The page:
The rest spoken of here – of getting to Canaan is
about the physical and social rest of receiving a land, a home of one’s own.
Being given a place where you can hang your hat.
A space where we can settle down rather than always having to be on the move.
This is the rest, Dorothy once spoke of, upon her return from Oz:
“There’s no place like home.
The second way “rest” is used in this passage is to refer to
how God rested from His work at the beginning of creation. (SLIDE #18)
Back in Genesis, chapters 1 & 2,
we are told after God created all life as we know it, God rested from his work.
The rest being evoked in this case is not one of being revitalized or restored
due to finding oneself weary or exhausted.
Our eternal Creator doesn’t ever tire or become depleted like we do.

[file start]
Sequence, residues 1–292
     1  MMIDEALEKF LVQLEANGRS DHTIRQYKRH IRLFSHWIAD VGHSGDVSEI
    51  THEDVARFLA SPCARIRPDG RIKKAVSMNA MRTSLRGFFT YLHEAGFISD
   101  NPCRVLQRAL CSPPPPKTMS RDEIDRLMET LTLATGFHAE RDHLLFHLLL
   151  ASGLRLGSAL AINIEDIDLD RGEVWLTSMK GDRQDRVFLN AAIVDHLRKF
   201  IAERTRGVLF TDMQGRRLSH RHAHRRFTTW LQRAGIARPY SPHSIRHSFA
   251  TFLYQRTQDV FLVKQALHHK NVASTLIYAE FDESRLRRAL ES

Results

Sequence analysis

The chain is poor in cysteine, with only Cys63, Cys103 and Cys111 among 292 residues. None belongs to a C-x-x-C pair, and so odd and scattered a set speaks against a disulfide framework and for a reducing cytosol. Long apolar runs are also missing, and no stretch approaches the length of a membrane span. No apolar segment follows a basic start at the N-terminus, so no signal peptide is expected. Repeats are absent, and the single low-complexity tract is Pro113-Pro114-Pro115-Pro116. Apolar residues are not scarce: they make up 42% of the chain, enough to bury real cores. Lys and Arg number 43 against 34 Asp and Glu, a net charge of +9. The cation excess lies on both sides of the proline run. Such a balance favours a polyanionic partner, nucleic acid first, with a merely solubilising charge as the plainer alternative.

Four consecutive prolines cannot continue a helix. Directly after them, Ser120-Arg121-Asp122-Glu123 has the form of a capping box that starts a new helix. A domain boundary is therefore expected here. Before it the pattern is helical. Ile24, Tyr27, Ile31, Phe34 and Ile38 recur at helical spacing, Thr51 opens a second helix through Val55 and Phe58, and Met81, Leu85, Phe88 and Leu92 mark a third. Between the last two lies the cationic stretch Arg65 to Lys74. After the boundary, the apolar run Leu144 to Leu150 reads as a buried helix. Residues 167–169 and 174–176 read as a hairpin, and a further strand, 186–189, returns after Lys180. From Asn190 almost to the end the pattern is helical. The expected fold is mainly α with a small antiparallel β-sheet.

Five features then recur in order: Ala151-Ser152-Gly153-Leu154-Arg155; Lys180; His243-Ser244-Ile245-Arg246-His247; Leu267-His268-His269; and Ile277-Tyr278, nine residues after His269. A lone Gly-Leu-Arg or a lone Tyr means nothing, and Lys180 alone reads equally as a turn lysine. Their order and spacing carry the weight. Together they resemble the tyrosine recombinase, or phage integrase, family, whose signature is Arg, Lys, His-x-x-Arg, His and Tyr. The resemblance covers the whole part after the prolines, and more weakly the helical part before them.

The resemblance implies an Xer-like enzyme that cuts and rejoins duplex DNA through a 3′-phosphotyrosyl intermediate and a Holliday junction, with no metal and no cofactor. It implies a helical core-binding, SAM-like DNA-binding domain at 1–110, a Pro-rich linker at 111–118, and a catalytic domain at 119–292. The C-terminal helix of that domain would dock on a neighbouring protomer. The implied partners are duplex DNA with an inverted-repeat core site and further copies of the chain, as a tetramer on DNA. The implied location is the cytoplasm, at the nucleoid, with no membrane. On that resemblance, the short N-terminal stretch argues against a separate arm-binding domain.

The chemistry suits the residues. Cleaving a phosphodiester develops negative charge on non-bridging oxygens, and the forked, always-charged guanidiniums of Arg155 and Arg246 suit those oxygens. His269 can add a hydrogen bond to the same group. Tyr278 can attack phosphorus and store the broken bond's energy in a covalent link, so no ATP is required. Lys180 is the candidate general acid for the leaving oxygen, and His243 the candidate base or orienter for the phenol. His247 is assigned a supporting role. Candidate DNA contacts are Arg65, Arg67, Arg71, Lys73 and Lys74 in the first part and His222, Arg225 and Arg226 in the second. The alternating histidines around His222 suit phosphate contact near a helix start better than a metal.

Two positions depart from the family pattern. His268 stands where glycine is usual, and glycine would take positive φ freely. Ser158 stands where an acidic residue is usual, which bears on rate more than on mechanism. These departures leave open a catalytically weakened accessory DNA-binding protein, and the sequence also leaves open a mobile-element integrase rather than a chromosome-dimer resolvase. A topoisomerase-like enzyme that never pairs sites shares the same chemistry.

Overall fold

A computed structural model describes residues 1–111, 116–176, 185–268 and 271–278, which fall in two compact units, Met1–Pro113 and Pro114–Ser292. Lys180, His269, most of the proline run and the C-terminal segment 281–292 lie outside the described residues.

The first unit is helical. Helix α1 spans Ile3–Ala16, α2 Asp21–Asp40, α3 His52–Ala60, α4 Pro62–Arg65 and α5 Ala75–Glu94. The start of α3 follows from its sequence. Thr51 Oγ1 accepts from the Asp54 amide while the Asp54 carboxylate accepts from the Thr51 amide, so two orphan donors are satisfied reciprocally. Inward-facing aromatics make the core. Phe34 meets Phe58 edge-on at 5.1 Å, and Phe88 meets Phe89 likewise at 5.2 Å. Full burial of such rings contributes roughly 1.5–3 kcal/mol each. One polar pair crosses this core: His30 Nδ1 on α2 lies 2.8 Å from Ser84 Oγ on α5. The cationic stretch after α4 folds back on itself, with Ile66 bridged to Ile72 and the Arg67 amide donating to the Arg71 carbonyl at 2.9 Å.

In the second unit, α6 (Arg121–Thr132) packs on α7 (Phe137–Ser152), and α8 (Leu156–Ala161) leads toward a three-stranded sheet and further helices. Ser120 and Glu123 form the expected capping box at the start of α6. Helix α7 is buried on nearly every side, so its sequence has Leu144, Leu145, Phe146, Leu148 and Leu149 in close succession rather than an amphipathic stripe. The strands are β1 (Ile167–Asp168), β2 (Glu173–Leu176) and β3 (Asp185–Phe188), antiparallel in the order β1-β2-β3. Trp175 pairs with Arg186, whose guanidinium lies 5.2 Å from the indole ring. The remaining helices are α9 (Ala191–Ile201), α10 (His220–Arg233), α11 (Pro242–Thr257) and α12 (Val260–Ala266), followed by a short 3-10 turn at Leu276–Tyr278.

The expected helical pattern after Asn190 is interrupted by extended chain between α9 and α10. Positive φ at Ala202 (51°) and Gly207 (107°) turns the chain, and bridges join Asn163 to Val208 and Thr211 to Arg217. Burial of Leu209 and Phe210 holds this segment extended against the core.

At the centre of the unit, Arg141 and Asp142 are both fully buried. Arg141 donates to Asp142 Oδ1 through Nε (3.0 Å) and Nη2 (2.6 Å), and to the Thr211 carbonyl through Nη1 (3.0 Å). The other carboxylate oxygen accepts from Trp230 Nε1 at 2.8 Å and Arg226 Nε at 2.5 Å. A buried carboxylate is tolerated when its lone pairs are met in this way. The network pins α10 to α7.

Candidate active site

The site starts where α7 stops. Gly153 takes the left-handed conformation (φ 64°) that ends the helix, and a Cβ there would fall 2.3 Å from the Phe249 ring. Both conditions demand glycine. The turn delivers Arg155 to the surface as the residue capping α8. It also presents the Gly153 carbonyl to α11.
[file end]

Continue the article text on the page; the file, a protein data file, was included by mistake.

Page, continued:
God doesn’t need to rest. So then, in what sense did God rest from His work?
If we go back and look carefully at the context of Genesis 2,
we discover God rested in the sense that the Lord was satisfied with His work.
The Lord looked upon all His work and said it was good.
In other words, it was finished to our Creator’s satisfaction.
God rested in the sense that He was pleased with what He had done.
The Lord stopped to enjoy His handiwork.
In doing so, by resting in this way,
God creates this possibility of this kind of rest for us.
In fact, the Lord even commands us to rest in this way
– to experience the satisfaction, not of what we try to accomplish
but of what has been accomplished for us by the grace of God.
The Lord carves out a 7th day, something known biblically as the Sabbath,
an intentional & consistent space, for us to physically, emotionally, & mentally stop what we are doing and to recognize the goodness,